This is the first time I've seen this and I'm not sure what it means;

64 bytes from icmp_seq=6233 ttl=53 time=545.493 ms  
64 bytes from icmp_seq=6234 ttl=53 time=776.093 ms  
64 bytes from icmp_seq=6235 ttl=53 time=-705.731 ms  
64 bytes from icmp_seq=6236 ttl=53 time=52.549 ms   
64 bytes from icmp_seq=6237 ttl=53 time=44.470 ms  

Has anyone ever seen a negative ping time before? A friend of mine told me he saw it once on a wireless link, and this was over a wireless connection, but.. how does that happen?

  • 4
    Do you have an AMD processor?
    – MaQleod
    Commented Jul 13, 2011 at 23:30
  • 9
    Just a temporary rift in the space-time continuum. Nothing to worry about. Now where did I put the keys to my DeLorean?
    – juggler
    Commented Jul 14, 2011 at 0:40
  • I don't remember specifically which machine I ran the test on, but the only 3 that I could have run it on are all Intel (one Intel desktop, one Macbook Pro, one Mac Mini). Commented Jul 14, 2011 at 2:39
  • 12
    Negative ping lag is a glitch in the matrix. It happens when they change something. Commented Jul 15, 2011 at 15:19

4 Answers 4


Did NTP or Windows Time Service sync the system clock during the ping?

  • Excellent question, that could be it. Unfortunately I don't remember exactly what time I did the ping so I can't check the logs for an NTP sync that lines up. Commented Jul 14, 2011 at 2:58
  • That would be freaking odd, but +1 for great troubleshooting point.
    – mbb
    Commented Jul 14, 2011 at 3:31
  • With no better answer provided, and not being able to come up with a more plausible solution from the time this happened until now, I'm accepting this answer because I think it's the most likely explanation for how this happened. Thanks. Commented Jul 31, 2011 at 11:28
  • I just encountered the same problem on a virtual machine, and can confirm that NTP correcting the time drift was the issue. service ntpd stop on CentOS fixed that (but will create other problems, obviously). See this very interesting question for more info.
    – BenMorel
    Commented Nov 30, 2011 at 15:03

I find it hard to believe, but this discussion seems to indicate this is behavior from certain AMD CPUs.

Personally, I wouldn't worry about it and assume it's a conceptual flaw in ICMP... Maybe a packet that went through a different path or something weird involving machines/routers with their clocks set differently.

  • 2
    From the linked discussion, I wouldn't lean towards conceptual flaw in ICMP. It appears that AMD has clock skew between the two cores which causes the negative interpretation of the time.
    – Evan
    Commented Jul 14, 2011 at 0:13
  • @evan: But 0.7 seconds is a huge discrepancy! Commented Jul 14, 2011 at 0:21
  • 2
    the report you get from ping doesn't have anything to do with clocks on external routers, it is the difference in time from when the packet is sent to it's destination and the reply is received back to the host. It is clocked by the host.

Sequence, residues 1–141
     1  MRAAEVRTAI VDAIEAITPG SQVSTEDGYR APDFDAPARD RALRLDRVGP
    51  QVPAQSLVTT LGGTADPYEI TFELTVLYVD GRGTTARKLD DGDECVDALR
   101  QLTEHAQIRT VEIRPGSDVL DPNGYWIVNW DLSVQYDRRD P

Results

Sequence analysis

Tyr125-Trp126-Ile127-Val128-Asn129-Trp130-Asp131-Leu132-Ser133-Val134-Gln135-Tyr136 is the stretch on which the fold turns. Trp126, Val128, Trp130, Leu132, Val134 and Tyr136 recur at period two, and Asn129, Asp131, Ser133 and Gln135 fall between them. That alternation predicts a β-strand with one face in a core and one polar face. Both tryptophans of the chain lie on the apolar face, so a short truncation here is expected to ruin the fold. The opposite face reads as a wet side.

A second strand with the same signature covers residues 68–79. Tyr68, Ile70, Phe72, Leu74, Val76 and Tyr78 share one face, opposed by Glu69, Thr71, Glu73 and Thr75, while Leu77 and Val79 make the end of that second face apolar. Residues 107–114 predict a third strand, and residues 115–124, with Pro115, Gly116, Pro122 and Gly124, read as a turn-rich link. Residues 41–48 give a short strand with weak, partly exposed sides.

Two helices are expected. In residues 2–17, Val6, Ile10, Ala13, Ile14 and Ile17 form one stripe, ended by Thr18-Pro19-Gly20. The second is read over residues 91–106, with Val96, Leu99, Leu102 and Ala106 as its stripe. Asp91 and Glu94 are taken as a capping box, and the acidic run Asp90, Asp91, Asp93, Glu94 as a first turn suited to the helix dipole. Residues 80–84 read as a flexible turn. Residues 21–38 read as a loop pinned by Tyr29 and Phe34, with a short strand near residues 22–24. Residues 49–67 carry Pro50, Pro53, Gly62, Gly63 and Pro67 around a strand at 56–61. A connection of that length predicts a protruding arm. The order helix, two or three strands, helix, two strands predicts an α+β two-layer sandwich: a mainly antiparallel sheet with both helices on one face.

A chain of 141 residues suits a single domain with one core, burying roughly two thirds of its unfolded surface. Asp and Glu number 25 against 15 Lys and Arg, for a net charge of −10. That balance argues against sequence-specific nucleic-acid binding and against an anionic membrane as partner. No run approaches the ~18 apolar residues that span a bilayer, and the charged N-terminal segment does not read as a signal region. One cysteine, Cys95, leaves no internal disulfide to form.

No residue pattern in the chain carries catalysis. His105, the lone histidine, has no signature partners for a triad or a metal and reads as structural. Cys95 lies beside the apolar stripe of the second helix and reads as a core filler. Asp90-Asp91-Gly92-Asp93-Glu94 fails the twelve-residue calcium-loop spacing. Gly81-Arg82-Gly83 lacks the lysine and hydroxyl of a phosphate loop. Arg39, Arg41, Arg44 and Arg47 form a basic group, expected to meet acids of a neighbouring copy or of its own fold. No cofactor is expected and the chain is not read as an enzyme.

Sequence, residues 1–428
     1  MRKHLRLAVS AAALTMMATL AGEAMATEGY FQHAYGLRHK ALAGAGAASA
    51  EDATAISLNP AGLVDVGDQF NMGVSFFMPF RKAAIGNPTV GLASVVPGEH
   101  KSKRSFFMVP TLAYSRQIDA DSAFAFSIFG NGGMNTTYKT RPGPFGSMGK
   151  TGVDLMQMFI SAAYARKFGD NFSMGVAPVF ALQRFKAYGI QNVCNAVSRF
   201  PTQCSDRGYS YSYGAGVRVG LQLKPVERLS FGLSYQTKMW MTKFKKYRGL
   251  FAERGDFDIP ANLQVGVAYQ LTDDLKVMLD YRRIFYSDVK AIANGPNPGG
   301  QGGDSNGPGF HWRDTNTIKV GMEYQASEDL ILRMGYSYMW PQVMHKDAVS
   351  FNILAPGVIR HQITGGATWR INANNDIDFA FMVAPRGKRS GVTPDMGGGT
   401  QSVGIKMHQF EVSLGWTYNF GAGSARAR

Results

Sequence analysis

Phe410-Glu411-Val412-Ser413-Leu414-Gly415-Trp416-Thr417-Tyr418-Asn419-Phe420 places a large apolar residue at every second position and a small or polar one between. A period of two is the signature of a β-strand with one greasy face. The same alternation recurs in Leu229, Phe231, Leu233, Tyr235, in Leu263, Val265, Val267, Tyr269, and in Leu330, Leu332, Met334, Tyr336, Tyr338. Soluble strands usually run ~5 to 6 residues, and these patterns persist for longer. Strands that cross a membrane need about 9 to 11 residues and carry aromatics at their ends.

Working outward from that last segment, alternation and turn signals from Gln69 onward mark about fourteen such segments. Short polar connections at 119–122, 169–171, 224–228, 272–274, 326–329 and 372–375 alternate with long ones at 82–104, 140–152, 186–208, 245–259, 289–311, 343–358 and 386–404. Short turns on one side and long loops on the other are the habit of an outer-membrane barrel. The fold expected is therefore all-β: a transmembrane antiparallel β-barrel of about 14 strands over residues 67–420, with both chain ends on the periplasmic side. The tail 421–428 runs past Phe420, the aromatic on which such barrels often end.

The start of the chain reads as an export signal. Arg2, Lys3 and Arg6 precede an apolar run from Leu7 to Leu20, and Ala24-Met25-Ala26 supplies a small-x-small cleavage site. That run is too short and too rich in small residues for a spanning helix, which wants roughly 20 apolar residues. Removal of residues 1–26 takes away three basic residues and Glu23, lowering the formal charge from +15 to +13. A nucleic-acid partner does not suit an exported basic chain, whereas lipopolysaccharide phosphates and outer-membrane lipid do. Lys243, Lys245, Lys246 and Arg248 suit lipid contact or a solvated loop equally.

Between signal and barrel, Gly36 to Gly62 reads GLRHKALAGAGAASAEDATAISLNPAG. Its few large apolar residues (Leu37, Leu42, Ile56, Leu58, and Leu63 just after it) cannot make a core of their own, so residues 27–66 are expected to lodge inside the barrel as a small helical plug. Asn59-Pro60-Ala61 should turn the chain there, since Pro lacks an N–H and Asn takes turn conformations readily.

– MaQleod
    Commented Jul 14, 2011 at 0:21
  • @Mechanical snail You're right, that's extremely large, but the discussion linked says the skew grows over time. If the processor has been running for an extended period of time .7 seconds is not too absurd. It would be interesting to see if the problem only arises after the processor has been running for a while.
    – Evan
    Commented Jul 14, 2011 at 0:27
  • @Evan: I mean that 0.7 seconds is bound to cause more serious bugs than this, so we probably would have already heard of it. Commented Jul 14, 2011 at 0:29

Unfortunately, this is not limited to AMD processors, but it seems to affect XP quite a bit. To date, and after a few years of searching for answers, I know a quick fix, but I can't do it to servers that won't reappear by remote after booting.

To reset TCP/IP (and timings), open an admin CMD window and enter the following:

ipconfig /flushdns
arp -d
gpupdate /force
netsh int ip reset null
netsh winsock reset

Now, you MUST reboot. Network adapter reverts to DHCP, so beware remoters.

So what happens here?

For some reason, TCP/IP has a time stamp it uses to calculate timing, and it gets fudged somehow. I used to see it all the time at one location, but it's finally stopped. Unfortunately, it continues at the warehouse I manage. Tonight, all points seem to be stuck at 237ms, but 2 popped back with multiple pings.

pingpath is a very handy utility, and I will be using this more often. Unfortunately, it came up with the same results...

Sad thing, this clears ping miscounts in games also.

note- if you want to see the log file, replace null with a filename, such as c:\log.txt -- Null just means no file (technically)


I believe it's a bug in the way the ping command times the packets and is aggravated by AMD processors more than Intel.

The functions that are used for high resolution timing in windows are QueryPerformanceCounter and QueryPerformanceFrequency.

Unfortunately, they are broken for multi-core processors as these processors do not return the same numbers.

The fix to ping is to set thread affinity in ping. I doubt it's doing this which would explain the negative timing. There are also patches from AMD and MS which are supposed to help sort it out.

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